“Most of my passengers are students or office workers,” he says. “I used to ride around looking for customers, but now with the PassApp, I have so many customers that I almost cannot serve them all.”

Mr Eng says he earns from $12.50 to 17.50 per day since purchasing the rickshaw and connecting to the PassApp service.

Vorn Pov wants the government to preserve the tuk-tuk. KT/Chor Sokunthea

“The people that use the rickshaws do not try and bargain for lower prices,” he says. “The price is known to me and them clearly, and it makes everything easier.”

Taing Vengheang, operations manager for PassApp, says the set price for the service is about $0.26 per kilometre, after an initial charge of $0.75 for the first kilometre.

Mr Vengheang won’t say how many drivers are registered with the app, but says that the effects of the app on tuk-tuk drivers has not gone unnoticed and that the company has taken steps to mitigate them.

“We have added the traditional Khmer tuk-tuk to our service to improve the livelihoods of drivers who do not have the rickshaw,” he says. “We took notice and want to help tuk-tuk drivers gain more passengers, too. They just have to sign up with the app.”

Chan Somary, 59, who sells goods from her shophouse in Phnom Penh, says she uses both tuk-tuks and the rickshaws, even though she does not yet have the PassApp installed on her phone.

“When I have to transport a lot of material and or many people, I always use the Khmer tuk-tuk because it is spacious, and easy to store goods in, even with passengers going along for the ride,” she says. “But if I need to travel with just two people, I use the rickshaw because it’s smaller.”

Ms Somary says she has often paid a similar price when using the rickshaw because she does not have the PassApp, meaning the driver and her negotiate the price just as she would with a tuk-tuk driver.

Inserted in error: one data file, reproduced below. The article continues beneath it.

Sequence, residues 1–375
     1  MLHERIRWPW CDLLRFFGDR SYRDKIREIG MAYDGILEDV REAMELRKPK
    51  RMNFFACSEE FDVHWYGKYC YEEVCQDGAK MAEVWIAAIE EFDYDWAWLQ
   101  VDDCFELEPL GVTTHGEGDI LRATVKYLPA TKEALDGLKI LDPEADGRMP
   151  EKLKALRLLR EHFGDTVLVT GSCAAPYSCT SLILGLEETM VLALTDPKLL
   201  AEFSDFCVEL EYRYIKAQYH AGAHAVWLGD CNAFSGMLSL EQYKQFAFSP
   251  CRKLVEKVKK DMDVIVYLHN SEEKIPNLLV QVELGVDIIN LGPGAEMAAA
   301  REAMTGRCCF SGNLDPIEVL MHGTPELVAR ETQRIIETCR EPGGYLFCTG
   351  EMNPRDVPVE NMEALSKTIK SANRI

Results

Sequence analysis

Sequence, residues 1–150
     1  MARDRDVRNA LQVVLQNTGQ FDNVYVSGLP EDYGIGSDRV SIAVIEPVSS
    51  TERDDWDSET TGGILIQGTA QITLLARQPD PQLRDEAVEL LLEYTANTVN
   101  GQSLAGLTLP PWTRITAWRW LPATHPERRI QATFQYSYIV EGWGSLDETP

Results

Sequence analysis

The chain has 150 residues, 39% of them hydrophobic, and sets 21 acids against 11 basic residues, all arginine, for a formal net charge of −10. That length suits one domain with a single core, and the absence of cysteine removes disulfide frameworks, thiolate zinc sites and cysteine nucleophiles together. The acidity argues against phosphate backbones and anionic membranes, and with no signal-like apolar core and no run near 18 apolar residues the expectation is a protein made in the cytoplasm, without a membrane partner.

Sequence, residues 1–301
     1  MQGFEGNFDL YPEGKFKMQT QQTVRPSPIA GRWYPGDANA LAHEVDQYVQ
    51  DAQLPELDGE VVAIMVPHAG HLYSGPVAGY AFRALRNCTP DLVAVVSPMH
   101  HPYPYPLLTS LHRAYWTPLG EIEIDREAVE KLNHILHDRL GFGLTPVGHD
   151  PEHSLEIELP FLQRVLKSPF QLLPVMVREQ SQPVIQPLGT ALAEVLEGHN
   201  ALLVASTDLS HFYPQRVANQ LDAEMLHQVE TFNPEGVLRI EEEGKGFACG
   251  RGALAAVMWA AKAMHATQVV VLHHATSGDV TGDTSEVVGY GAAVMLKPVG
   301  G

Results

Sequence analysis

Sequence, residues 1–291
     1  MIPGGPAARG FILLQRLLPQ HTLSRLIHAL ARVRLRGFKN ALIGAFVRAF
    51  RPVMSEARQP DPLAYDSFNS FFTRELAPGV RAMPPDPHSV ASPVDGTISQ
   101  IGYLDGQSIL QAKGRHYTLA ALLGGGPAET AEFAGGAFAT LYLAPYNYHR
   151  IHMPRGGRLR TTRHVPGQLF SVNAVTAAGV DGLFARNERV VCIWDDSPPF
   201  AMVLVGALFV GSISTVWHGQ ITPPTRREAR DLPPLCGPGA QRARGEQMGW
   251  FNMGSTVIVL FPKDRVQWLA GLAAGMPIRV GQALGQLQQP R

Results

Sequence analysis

“But now I have a smartphone and I plan on getting the app,” she says.

Peng Sophea, who previously used tuk-tuks and motodops to travel from home to work, says he has switched to the PassApp rickshaws because they’re cheaper, with set prices, meaning he no longer has to haggle with his drivers.

Mr Sophea, 38, says he used to spend $6.25 on a tuk-tuk ride to work, or $5 for a motodop ride. With the rickshaw, he now pays just $3.75.

Tuk-tuk drivers line a streetside awaiting customers. KT/Chor Sokunthea

“I just use my phone to hail the rickshaw while inside my home,” he says. “I don’t have to go onto the street, find a tuk-tuk and then argue over the price. It’s easier.”

Mr Sophea adds that he also feels safer in the rickshaw, noting that PassApp drivers seem to obey traffic laws more than their tuk-tuk driving counterparts.

“When I use the rickshaw, I just feel better, calmer,” he says.

Mr Pov, the tuk-tuk union leader, acknowledges that a small number of tuk-tuk drivers have an unsuitable attitude, asking for higher pay from customers and not obeying some traffic laws, but notes it is a small portion of drivers.

“They should not ask for excessive prices, and most don’t,” he says. “As for the traffic laws, most obey them and those that don’t, they are not alone because some of the PassApp drivers also do not follow the traffic laws.”

The traditional Khmer tuk-tuk is facing stiff competition from imported Indian rickshaws. KT/Chor Sokunthea

“My association has always called on members to understand and obey traffic laws by holding education sessions every month,” he adds. “But violations still occur, and I think that it ultimately falls onto the traffic police to better enforce the laws.”

Back outside the massage parlour, Mr Sros has now been sitting in his tuk-tuk for nearly the entire morning, with no customers.

If he were to sign up with the PassApp service using his tuk-tuk, he would have to offer rides at the same set prices of the rickshaws, which would leave him with no profit due to the tuk-tuk being more expensive to operate, he says. “If my business continues this way, and customers keep turning to the app and rickshaws, I’m afraid tuk-tuk drivers will have no money to even feed themselves and their families,” he says.